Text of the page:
HALL, Fitzedward. Troy, N.Y. 21.3.1825 — Marlesford, Suffolk 1.2.1901 (or 11.2.?). U.S. Indologist, in India 1846-62 and then in the U.K. Born in an old New England family, son of Daniel Hall, a lawyer, and Anginetta Fitch. Educated in Troy, Walpole and Poughkeepsie, graduated 1842 from Rensselaer Polytechnic Institute as civil engineer. Studies at Harvard, published translations from German, but could not conclude his studies, because in 1846 he was sent to Calcutta to search for his brother, who had run away to the sea. Because of a shipwreck he had to remain longer as planned and became interested languages. He learned Sanskrit, Hindūstānī and Persian and decided to stay in India. After three years he came to Benares, where in 1850 “he was appointed in the Government College to a post, which was converted in 1853 into an Anglo-Sanskrit professorship. In 1855 he was transferred to Rajputana as Inspector of Public Instruction for Ajmere and Mairmara, in December 1856 to alike inspectorship for the Central Provinces, with headquarters at Saugor, and during the Sepoy mutiny did good service with his rifle.” After peace 18 months travels in England, France and America, then back to India.
Returning from India in 1862 Hall settled down in London and worked 1864-69 as Librarian of India Office. In 1869 resigned, apparently because of false accusations (he was accused by Goldstücker, also otherwise known as quarrelsome, of being a drunkard and a foreign spy), and moved to Marlesford in Suffolk, where he lived until his death. In 1864–69 also Professor of Sanskrit, Hindustani and Indian Jurisprudence at King’s College in London. From 1864 Examiner in Hindustani and Hindi in connection with the civil service commissioner, from 1880 Examiner in Sanskrit and from 1889 also in English, all until his death. D.C.L. 1860 Oxford, LL.D. 1895 Harvard. In 1854 he married Ameha Warde, daughter of an officer, five children.
Hall was a good Sanskrit scholar, epigraphist, active editor and discoverer of several texts (e.g. the Bṛhaddevatā). He was also interested in English and became the first U.S. collaborator of the O.E.D. To Harvard he presented thousand Oriental manuscripts and as many books.
Publications: Edited in B.I.: Sūryasiddhānta, an ancient system of Hindu astronomy, with Ranganātha’s exposition, the Gūḍhārthaprakāśaka. Edited with the assistance of Pandit Bapu Deva Sastrin. 388 p. B.I. 25. Calcutta 1854-58; Vijñāna Bhikshu, Sānkhya-pravachana-bhāshya, a commentary on the aphorisms of the Hindu atheistic philosophy. 66+233+56 p. B.I. 27. C. 1854-56; Subandhu, Vāsavadattā. A romance. Accompanied by Sivarāma Tripāthin’s perpetual gloss, entitled Darpana. 56+300 p. B.I. 30. C. 1855-59; Dhanañjaya, the Dasa-rūpa, or Hindu canons of dramaturgy, with the expositions of Dhanika, the Avaloka. 39+ 241 p. B.I. 36. C. 1861-65; Vijñāna Bhikshu, Sānkhya-Sāra, a treatise of Sankhya philosophy. 51+48 p. B.I. 83. C. 1865.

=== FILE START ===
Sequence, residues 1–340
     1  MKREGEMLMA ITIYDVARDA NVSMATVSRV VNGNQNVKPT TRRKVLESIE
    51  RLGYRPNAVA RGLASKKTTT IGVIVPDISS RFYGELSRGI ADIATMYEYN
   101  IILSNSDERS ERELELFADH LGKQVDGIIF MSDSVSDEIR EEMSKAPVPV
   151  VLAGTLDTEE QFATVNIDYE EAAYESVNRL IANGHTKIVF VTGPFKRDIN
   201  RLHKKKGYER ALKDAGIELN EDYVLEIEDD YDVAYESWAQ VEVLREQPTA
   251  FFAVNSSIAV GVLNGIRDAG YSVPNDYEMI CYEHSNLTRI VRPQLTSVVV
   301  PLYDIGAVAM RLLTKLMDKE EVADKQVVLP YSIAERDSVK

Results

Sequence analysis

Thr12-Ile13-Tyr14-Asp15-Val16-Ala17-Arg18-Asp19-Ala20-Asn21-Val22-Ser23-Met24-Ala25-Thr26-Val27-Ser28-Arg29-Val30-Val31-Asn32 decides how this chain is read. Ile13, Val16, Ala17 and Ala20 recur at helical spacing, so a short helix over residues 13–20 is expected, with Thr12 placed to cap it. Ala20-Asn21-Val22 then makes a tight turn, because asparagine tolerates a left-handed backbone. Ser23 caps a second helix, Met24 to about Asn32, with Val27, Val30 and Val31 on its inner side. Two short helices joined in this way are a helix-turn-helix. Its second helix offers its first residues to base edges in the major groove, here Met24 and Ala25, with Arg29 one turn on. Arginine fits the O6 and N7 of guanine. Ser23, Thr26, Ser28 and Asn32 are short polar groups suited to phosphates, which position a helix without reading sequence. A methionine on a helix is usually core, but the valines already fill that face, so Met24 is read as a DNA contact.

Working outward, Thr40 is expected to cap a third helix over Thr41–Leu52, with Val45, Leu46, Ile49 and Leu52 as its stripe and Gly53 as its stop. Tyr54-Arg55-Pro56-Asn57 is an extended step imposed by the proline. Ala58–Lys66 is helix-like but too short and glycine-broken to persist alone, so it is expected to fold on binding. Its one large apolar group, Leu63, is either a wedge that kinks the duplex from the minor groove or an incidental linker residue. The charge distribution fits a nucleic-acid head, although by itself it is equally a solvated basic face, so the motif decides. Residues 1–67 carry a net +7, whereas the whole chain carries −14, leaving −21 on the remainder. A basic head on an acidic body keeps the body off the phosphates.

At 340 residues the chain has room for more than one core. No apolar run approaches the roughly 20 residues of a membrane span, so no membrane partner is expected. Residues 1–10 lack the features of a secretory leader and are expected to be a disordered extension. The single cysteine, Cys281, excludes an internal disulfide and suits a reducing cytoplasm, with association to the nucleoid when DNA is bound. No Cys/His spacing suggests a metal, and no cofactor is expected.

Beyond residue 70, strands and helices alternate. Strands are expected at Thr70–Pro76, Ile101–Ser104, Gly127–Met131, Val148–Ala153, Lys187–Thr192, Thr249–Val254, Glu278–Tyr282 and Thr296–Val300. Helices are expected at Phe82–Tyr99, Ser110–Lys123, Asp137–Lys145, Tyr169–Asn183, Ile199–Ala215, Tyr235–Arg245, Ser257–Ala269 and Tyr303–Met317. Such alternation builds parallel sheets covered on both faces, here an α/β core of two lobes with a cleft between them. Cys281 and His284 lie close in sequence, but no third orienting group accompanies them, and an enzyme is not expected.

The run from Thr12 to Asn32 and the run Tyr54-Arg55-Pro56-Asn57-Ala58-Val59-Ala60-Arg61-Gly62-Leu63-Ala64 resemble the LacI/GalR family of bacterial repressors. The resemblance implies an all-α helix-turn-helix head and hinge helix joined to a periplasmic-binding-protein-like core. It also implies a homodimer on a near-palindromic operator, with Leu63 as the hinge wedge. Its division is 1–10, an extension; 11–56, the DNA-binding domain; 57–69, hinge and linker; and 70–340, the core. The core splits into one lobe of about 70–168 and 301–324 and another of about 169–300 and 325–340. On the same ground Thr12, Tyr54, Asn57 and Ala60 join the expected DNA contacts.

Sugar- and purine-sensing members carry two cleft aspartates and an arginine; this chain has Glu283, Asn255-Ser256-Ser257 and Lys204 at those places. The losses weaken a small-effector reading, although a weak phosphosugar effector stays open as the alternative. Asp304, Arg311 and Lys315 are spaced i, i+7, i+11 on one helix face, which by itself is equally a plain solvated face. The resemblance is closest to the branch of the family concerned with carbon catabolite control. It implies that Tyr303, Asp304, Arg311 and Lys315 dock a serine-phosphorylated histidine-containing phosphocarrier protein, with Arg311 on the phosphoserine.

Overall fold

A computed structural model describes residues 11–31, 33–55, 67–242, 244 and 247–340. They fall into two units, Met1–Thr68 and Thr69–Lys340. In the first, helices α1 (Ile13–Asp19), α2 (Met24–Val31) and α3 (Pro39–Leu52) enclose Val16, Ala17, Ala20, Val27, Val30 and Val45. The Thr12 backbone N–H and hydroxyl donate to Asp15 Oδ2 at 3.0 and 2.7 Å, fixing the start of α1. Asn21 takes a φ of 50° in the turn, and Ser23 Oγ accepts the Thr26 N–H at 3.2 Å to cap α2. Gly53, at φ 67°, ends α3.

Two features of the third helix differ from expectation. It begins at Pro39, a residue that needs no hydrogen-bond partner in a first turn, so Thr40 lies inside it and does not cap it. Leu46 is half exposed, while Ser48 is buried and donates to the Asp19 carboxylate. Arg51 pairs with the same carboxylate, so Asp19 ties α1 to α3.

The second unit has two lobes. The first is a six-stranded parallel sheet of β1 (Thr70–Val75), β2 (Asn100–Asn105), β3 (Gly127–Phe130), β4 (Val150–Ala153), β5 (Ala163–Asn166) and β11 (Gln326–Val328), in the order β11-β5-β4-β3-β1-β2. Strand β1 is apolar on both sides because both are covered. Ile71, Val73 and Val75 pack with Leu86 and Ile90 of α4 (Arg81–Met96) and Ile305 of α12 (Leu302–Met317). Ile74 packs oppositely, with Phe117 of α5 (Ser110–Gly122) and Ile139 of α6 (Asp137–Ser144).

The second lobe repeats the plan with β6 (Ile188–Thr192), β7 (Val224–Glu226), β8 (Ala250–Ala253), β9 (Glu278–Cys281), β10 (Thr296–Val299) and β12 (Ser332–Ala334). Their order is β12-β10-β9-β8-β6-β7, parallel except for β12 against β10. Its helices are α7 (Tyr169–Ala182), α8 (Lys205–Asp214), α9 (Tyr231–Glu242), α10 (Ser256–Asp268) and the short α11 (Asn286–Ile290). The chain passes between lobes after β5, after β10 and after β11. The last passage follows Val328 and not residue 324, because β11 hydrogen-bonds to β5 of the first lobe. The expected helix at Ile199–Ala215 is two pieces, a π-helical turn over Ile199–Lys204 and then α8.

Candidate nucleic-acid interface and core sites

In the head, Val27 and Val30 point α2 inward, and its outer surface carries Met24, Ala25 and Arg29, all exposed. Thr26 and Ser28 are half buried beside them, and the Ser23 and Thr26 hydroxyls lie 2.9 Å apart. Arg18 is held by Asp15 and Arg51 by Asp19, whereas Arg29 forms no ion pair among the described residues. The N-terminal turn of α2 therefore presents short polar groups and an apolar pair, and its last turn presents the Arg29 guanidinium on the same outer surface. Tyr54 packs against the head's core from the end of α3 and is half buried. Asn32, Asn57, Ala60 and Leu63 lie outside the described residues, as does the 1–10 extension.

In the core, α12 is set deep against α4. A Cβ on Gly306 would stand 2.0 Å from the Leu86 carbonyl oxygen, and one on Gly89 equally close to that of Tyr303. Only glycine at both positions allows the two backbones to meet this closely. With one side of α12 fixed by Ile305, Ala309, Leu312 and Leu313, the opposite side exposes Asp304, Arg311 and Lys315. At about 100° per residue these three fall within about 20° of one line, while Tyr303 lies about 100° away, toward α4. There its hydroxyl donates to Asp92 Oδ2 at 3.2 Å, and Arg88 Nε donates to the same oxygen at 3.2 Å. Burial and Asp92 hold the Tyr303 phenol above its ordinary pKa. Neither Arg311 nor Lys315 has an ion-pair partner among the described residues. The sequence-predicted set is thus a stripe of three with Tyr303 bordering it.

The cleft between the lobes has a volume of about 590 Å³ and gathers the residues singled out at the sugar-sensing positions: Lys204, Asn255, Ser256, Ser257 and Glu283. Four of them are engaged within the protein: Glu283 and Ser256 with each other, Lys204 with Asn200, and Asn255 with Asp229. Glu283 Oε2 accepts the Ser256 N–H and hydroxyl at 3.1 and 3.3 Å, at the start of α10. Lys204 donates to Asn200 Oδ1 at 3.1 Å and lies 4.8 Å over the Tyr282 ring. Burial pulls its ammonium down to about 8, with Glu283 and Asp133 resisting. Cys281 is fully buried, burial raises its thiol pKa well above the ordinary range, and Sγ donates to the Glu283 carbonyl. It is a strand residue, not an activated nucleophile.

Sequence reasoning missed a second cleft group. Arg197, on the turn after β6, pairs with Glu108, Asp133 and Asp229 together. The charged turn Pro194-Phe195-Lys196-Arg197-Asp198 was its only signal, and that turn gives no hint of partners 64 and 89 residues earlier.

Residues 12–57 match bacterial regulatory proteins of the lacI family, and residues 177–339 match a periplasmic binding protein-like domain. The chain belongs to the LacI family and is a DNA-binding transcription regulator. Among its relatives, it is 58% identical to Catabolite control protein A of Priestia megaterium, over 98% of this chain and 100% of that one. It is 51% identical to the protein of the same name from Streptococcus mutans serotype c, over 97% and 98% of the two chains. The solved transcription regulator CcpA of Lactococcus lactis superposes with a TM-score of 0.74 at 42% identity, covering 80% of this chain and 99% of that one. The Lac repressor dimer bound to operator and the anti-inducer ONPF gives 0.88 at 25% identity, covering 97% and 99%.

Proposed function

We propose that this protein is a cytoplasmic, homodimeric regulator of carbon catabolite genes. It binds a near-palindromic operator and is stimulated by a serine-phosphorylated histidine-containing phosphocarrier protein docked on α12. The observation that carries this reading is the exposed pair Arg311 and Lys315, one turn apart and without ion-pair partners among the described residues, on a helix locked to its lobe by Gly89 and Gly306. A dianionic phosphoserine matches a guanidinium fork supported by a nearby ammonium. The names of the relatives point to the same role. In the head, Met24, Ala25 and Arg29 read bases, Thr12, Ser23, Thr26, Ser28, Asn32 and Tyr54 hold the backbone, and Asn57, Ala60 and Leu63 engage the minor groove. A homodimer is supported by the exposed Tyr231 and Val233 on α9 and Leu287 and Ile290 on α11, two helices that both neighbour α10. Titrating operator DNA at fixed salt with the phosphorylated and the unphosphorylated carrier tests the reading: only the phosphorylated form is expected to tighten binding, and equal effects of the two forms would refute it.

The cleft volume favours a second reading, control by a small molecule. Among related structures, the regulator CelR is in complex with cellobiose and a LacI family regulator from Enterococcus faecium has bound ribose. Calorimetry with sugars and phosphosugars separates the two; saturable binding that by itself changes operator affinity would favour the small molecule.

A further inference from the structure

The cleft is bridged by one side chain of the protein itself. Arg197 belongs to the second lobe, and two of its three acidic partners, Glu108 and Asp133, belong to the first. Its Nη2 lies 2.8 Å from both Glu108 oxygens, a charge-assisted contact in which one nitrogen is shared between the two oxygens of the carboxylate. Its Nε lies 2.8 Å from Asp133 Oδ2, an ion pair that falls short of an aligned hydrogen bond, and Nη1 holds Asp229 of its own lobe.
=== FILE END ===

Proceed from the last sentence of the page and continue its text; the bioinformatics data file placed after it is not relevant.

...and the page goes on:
– Edited: The Ātma-bodha, with its commentary, also the Tattwa-bodha: being two treatises of Indian pantheism. 29+9 p. Mirzapore 1852; Lallú Lál: Rájníti, a Collection of Hindu Apologues. With a Preface, Notes, and Supplementary Glossary. Allahabad 1854.
– Translated into Hindī: The Tarkasangraha of Annam Bhaṭṭa. Allahabad 1850 (together with Ballantyne’s text edition); Siddhantasangraha. Agra 1855 (Ballantyne’s Synopsis of Science); edited Ballantyne’s Hindi Grammar. L. 1868; from Hindī: A rational refutation of the Hindu philosophical systems By Nehemial Nílakaṇṭha Śástrí Gore. 10+284 p. Calcutta 1862.
– A Contribution Towards an Index to the Bibliography of the Indian Philosophical Systems. 4+236 p. Calcutta 1859.
– “On the Árya-Siddhánta”, JAOS 6, 1860, 556-564.
– Hindî Reader. 19+184 p. Hertford 1870, 2nd ed. 1884.
– A number of articles on epigraphy, literature, etc., in JASB 17:1-34:1, 1861-65, in AJPh, JAOS 1860-62, JRAS 1863, etc.
– Recent Exemplifications of false [English] Philology. 124 p. N.Y. 1872; Modern English. 10+394 p. N.Y. 1873; On English Adjectives in -able. 238 p. L. 1877; Doctor indoctus: Strictures on Professor John Nichol, of Glasgow; With Reference to His English Composition. 68 p. L. 1880; editions for Early English Text Society.
Sources: W.B.O[wen]m D.N.B. Suppl. 2, 1912, 187f,; Nat. Cyclop. of Amer. Biogr. 448f.; Buckland, Dictionary; *C. Harrison, Modern Language Notes 16, 1901, 92-96; Wikipedia; Andrew Huxley, an e-mail message about the Goldstücker–Hall case, 2005.
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